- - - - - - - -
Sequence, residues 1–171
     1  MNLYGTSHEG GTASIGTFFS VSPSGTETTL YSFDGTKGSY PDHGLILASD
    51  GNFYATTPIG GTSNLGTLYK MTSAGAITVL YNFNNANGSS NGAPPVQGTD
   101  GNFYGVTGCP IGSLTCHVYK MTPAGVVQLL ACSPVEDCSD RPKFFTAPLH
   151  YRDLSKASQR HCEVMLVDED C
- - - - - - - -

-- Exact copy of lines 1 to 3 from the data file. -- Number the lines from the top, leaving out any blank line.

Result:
Sequence, residues 1–171
     1  MNLYGTSHEG GTASIGTFFS VSPSGTETTL YSFDGTKGSY PDHGLILASD
    51  GNFYATTPIG GTSNLGTLYK MTSAGAITVL YNFNNANGSS NGAPPVQGTD